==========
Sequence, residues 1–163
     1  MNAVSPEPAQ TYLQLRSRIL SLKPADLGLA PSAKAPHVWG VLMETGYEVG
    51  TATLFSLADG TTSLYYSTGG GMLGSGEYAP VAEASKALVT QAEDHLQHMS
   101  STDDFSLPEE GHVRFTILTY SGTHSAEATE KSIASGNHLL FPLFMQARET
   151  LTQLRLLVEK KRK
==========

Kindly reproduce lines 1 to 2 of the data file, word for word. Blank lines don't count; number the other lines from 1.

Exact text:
Sequence, residues 1–163
     1  MNAVSPEPAQ TYLQLRSRIL SLKPADLGLA PSAKAPHVWG VLMETGYEVG